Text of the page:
April 02, 2005

The true meaning of the finger.

A customer's finding of a finger in her bowl of chili at a Wendy's restaurant in California was one of the few US news stories that rose above the clamor around Terri Schiavo's approaching death and Michael Jackson's trial. And, as it typical of the US press, pretty much all of the coverage focused on one of the most superficial aspects of the story: the question of whose finger it was and how it got into the chili.

What the press should have been talking about, says Jordan Barab, is what the finger in the chili says about the working conditions of US workers, and about the enforcement of health and safety laws:

Unless this is some sick person’s idea of a practical joke, it’s hard to imagine any scenario in which the fingertip does not belong to a worker. OSHA’s recordkeeping rule is supposed to ensure that if someone is injured on the job and requires more than first aid, the employer will record information about the injury on the OSHA 300 Log. But in this case, investigators have been looking high-and-low for the owner of the displaced finger, with no success. They have been asking employers about entries on their OSHA 300 Logs, including inquiries to all the Wendy’s restaurants in the area, the suppliers of beans, meat, and other Chili fixin' ingredients, but they can’t find any company that will admit to a recent finger-losing incident.

This true tale says many things about the state of workers’ safety and health in the US, including that our injury and illness recording system is a JOKE. A serious injury occurred at a workplace---a finger was severed and became part of some unsuspecting person’s lunch---but it apparently isn’t recorded on any company’s log. The fact that these injuries occur thousands of times each day in the US is bad enough, but that we have no reliable system for recording them, and apparently less and less interest in enforcing the system we have, is a disgrace. Somewhere in Louisville, OSHA's former Asst Secretary John Henshaw’s mouth may still be on autopilot bragging about the "triple bottom line" of reducing injuries, illnesses, and fatalities. Given that we have no system at all for tracking occupational illnesses, and that the fine for concealing an employee’s injury is currently running at about 0.1% of the fine for uttering a "dirty word" on the radio, shouldn’t that be "triple bottom LIE?"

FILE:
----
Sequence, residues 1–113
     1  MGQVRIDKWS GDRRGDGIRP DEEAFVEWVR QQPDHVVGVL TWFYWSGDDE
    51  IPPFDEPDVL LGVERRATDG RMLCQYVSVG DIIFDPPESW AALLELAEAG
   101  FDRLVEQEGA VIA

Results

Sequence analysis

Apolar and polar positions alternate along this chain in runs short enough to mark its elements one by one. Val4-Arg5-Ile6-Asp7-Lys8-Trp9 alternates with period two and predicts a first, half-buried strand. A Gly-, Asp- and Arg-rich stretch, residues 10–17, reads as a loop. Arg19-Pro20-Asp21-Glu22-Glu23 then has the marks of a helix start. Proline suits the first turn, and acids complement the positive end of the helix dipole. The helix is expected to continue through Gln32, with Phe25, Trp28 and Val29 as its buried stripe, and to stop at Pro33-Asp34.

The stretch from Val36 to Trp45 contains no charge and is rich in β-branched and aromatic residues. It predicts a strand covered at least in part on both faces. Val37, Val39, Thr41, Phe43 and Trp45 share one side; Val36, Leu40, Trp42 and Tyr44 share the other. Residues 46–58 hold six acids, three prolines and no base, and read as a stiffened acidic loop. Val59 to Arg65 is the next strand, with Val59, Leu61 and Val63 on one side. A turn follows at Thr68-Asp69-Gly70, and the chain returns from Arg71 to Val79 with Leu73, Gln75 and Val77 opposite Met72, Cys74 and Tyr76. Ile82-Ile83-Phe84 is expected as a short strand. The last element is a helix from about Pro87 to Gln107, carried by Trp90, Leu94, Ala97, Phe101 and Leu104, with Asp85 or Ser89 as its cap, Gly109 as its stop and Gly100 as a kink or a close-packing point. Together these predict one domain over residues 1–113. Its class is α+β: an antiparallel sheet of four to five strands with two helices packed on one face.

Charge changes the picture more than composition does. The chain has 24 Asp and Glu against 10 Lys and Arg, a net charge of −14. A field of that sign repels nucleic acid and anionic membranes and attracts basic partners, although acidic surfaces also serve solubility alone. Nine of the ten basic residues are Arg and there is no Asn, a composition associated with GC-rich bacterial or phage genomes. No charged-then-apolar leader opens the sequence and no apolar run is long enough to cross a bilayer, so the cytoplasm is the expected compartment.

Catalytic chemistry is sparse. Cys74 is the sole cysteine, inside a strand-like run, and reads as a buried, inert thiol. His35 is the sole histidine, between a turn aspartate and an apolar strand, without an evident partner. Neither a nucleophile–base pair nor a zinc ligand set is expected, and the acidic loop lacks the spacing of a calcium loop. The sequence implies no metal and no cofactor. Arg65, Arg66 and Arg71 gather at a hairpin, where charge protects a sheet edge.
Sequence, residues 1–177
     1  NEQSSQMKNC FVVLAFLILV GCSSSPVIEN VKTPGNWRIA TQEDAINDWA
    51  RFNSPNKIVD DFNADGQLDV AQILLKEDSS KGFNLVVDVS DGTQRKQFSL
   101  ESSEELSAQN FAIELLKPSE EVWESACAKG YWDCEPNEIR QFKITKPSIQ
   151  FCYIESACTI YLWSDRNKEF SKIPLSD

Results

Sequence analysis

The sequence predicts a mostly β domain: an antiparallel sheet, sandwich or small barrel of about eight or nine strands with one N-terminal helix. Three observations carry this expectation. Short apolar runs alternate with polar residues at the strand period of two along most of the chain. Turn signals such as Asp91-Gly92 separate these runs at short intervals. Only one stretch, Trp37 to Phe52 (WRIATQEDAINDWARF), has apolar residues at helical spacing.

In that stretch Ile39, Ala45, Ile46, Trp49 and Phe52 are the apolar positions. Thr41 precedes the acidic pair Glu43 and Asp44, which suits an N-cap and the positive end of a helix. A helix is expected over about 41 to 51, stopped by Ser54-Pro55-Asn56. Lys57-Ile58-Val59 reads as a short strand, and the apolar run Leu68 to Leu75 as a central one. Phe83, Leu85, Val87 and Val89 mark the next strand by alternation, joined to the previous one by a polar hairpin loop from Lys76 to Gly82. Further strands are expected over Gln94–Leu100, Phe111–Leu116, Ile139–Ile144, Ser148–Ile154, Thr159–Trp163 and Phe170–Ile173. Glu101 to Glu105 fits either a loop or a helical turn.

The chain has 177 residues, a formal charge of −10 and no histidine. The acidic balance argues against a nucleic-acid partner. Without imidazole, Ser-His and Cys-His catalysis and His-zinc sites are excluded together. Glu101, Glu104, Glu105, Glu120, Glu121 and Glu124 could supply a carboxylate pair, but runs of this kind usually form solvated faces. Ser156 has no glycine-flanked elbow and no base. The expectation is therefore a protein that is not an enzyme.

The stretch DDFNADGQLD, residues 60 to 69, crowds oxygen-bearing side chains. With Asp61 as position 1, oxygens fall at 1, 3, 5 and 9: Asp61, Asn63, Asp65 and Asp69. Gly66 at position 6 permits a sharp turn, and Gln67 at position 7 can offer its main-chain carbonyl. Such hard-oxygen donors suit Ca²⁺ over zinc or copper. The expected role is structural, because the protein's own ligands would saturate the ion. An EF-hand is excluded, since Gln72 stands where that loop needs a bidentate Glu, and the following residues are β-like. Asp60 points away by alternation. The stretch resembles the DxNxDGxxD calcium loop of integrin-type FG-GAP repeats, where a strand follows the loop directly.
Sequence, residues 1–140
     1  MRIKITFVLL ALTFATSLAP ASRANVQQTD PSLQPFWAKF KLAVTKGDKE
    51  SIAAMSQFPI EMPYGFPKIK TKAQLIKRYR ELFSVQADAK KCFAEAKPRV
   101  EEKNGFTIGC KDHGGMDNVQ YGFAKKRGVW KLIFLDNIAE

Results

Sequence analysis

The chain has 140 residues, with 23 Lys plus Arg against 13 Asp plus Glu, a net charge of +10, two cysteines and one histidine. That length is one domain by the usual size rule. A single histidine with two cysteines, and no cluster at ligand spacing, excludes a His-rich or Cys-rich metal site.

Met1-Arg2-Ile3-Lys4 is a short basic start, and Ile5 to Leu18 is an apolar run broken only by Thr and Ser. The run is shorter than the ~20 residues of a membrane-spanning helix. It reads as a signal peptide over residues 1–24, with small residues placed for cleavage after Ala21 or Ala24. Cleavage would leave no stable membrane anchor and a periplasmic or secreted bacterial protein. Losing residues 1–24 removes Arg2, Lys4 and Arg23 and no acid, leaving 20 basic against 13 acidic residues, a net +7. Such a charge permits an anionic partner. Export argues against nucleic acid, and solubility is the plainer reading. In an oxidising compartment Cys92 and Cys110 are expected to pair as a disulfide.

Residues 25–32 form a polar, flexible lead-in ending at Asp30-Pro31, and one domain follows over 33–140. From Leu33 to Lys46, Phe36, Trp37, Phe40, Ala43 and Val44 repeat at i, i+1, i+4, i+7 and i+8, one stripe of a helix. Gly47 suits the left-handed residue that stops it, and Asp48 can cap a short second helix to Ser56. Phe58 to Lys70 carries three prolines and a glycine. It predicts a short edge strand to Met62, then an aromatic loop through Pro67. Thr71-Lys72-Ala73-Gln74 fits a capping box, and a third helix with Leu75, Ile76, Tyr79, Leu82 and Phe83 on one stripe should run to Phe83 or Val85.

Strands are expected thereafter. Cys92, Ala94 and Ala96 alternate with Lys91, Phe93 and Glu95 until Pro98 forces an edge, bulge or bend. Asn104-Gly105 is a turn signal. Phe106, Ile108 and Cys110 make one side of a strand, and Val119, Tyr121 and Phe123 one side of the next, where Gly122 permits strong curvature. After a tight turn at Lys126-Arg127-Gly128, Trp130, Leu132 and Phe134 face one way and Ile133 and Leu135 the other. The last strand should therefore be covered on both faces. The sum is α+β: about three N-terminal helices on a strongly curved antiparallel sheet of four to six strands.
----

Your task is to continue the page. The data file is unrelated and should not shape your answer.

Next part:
Via Confined Space.

Posted by Magpie at April 2, 2005 05:00 PM | Labor | Technorati links |

I was so on top of this story. In the good way. Check out what I said way back on the 26th.

"If it was not from the “restaurant”, all I can think of is that it must be from one of the suppliers. I would not be surprised if employees working for these suppliers did not report it, or a report such as this would be lost, especially if the finger came in the ground beef container. The employees in slaughterhouses are often treated worse than the animals.

"Meat processing facilities are also known to pose significant threats to worker safety. According to the U.S. Department of Labor, meat processing is the most dangerous job in the nation; in fact, the rate of injury and illness among slaughterhouse workers is approximately three times higher than the injury rate in the average U.S. factory. Every year, 29 out of every 100 meat processing workers sustains a work-related injury or illness that requires treatment beyond first aid. Given the pressure placed on slaughterhouse supervisors to report low injury-rates and the numerous past scandals involving injury-log falsification at slaughterhouses, it is likely that many additional injuries are never recorded"
- Eric Carlson

Are you impressed? Yeah!

-eric: Revolutionary

Posted by: eric at April 2, 2005 09:28 PM

good work!

but i sure wish you'd get rid of that white-on-black at your blog. it's really hard to read ...

Posted by: magpie at April 2, 2005 09:58 PM

I dont know, I really dont like the black on white, It is like staring at a light bulb. Maybe some other color for text would make it easier? I dont know.

Posted by: eric at April 2, 2005 10:34 PM